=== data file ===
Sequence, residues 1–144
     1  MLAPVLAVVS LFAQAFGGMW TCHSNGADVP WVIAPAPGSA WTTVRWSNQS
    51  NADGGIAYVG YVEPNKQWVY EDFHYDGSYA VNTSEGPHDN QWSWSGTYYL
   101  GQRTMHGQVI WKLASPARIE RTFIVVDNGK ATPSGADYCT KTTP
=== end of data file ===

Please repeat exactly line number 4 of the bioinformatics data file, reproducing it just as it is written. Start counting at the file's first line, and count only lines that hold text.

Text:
   101  GQRTMHGQVI WKLASPARIE RTFIVVDNGK ATPSGADYCT KTTP